When Portland, OR. resident Mishelle Rudzinski adopted her 5-year-old daughter, Bakha, from Kazakhstan in 2006, she was prepared for life with a special needs child: The child had been diagnosed with cerebral palsy and muscular dystrophy.
Bakha didn’t walk at all until she was 4, and then did so with her back hunched over. Yet within eight weeks of coming home, Bahka walked and ran on her own.
“It turns out she was malnourished, nothing else — and only had a case of rickets,” Rudzinski recalls. With rickets, a lack of vitamin D, phosphate or calcium can lead to weakening of the bones.
The problem stemmed from improper nutrition at the orphanage where she was raised. Once put on a healthy diet, Bakha improved.
Yet, she was not out of the woods.
“Sometimes parents will assume that their newly adopted kids are healthy because they have a little bit of weight on them. Often, those kids are most at risk,” says Rudzinski. “Their stores of iron and other nutrients are depleted. They are pulling from these depleted stores because they are growing so rapidly.”
If Bakha had been immediately put on the same diet as other children her age, she would have eventually outstripped her body’s stores of vital nutrients, including iron. As Rudzinski points out, her daughter wasn’t anemic when she arrived in the U.S., but her iron stores were low enough that she could have become so if she’d had a growth spurt.
These problems are not limited to children from overseas, Rudzinski says. They are as common in foster children in the U.S. as they are in kids born in the other popular countries from which people adopt: China, Ethiopia, Russia, South Korea and the Ukraine.
Although new parents may not realize it, many newly adopted children may not be as healthy as they look.
Rudzinski ought to know. She and Cindy Kaplan, another Portland woman who adopted an undernourished child from Kazakhstan, were inspired to co-found the Portland, OR-based Spoon Foundation after learning about post-adoption nutrition and the difference it can make. The organization works to improve the health of international adoptees and foster children through education, training, advocacy and research.
Nurturing healthy growth
One of the best ways to get your child’s new life off to a good start is to consult an international adoption physician before your adoption agency matches you with a child, Rudzinski says.
Since many countries provide at least some medical information about a potential adoptee, doctors at services like The Center for Adoption Medicine at the University of Washington Medical Center can tell you what to expect and provide further advice when you’re meeting the child and getting ready to take her home.
Seeing a doctor who specializes in international adoption after your return also makes sense, she says, because many pediatricians don’t have experience in dealing with medical issues that could arise even months after you’ve brought your child home. As Rudzinski points out, most doctors don’t know what the typical development and growth patterns of orphans are, or that diarrhea is a symptom of zinc deficiency.
HunterAnn Booth’s experience is a good example.
When the Lynnwood woman adopted 15-month old Alexei from Vladvivostok, Russia, he was so small and anemic that he left the orphanage in a 9 month-old’s clothing. Once he went from meals of watered-down porridge or broth and a little hot tea to baby food in a jar, everything changed.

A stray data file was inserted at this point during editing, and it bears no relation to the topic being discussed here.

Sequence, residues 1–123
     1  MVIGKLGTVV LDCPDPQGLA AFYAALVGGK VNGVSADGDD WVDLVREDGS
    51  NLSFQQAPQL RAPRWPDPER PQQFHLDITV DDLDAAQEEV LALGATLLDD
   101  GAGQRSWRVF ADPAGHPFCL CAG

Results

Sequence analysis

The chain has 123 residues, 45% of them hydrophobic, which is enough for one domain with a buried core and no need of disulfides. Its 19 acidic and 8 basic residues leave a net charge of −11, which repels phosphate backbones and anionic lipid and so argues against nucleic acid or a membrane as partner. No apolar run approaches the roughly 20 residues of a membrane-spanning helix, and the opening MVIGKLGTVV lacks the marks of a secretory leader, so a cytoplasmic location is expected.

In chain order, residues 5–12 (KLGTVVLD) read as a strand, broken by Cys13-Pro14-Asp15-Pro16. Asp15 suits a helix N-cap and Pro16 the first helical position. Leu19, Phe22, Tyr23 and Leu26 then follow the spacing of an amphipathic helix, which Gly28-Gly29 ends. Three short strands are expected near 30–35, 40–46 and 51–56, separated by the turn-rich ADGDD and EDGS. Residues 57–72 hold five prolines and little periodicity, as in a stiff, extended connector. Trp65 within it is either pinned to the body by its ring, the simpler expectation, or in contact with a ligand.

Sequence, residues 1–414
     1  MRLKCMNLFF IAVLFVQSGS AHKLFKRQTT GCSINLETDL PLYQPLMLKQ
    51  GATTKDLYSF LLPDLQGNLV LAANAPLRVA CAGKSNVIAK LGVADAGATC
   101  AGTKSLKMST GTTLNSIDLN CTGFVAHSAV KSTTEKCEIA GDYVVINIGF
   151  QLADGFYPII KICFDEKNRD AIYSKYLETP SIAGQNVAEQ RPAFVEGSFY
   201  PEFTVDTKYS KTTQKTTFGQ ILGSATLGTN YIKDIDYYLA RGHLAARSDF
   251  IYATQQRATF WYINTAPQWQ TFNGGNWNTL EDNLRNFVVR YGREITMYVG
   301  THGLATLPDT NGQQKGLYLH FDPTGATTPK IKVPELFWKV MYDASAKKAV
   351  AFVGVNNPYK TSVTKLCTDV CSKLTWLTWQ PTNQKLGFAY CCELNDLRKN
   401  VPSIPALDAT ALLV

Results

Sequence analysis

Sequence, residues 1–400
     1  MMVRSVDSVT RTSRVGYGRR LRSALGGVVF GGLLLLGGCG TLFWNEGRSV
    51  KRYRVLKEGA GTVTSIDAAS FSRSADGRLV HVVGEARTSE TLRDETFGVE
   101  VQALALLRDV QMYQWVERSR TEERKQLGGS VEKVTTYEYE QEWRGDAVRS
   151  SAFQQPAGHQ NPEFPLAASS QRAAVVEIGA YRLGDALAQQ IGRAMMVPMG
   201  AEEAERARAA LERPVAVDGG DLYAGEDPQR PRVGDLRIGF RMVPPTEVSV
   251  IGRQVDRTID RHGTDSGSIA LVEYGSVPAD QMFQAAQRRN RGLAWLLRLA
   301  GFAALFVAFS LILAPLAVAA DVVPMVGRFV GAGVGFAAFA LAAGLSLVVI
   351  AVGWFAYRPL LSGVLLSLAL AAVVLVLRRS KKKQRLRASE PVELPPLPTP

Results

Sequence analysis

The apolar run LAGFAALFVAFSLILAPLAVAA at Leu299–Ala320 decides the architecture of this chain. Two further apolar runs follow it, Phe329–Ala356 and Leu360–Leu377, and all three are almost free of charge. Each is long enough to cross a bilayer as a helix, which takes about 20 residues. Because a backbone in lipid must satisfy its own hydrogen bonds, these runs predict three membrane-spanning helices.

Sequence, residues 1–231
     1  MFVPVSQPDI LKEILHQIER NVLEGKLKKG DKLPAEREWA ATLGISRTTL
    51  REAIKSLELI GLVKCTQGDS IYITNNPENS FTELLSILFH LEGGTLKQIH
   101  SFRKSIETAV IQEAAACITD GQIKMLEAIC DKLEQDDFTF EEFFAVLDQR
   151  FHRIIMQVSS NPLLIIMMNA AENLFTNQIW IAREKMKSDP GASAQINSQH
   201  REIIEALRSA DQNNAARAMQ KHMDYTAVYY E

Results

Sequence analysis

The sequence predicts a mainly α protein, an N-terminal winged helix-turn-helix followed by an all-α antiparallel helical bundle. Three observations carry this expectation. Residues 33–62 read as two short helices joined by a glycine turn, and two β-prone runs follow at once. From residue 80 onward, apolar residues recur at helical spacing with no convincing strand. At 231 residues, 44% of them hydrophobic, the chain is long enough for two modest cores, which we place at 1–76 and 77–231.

“The incredible amount of growth he has had in a short time period is a huge amount of progress. He was growing so fast there was no way for us to catch up with iron,” she says. Two years later, Booth is still working with doctors Julian Davies and Julia Bledsoe at the UW to get Alexei to average height, weight and head circumference, using daily supplements of liquid iron.
Iron is just one of the nutrient deficiencies found in adopted children, according to adoptionnutrition.org, a website that’s the result of a collaboration between the Spoon Foundation and the Joint Council on International Children’s Services. Other deficiencies include folate, iodine, selenium and zinc.
The deficits are caused by a variety of factors, including inadequate prenatal care, not being breast fed, not getting formula and an inadequate diet. Although most adoptees catch up with their age group and develop normally, there may be some long-term effects on these children, including poor growth and learning problems, Rudzinski says.
The site suggests running a series of lab tests during the initial post adoption visit and again six months later, to help determine if your child is at risk for any of the conditions stemming from nutritional deficits.
While it’s essential the children, once home, get their required nutrients, Rudzinski suggests parents relax a bit when it comes to their kids’ food choices. Otherwise, the kids could end up with stress-related eating issues, such as hoarding, eating excessively or not eating at all, she says.
So if they go for the extra juice or extra ice cream or just extra anything, let them. “These kids are transitioning to a new diet,” she says. “It might not start off as being the healthiest diet, but as parents we have to let go of our idea of what the best diet is.”
David Volk is a stay-at-home dad to two toddlers and a freelance writer who specializes in writing about parenting, travel, food and business. He’s also the author of The Cheap Bastard’s Guide to Seattle and the blog cheapbastardseattle.com.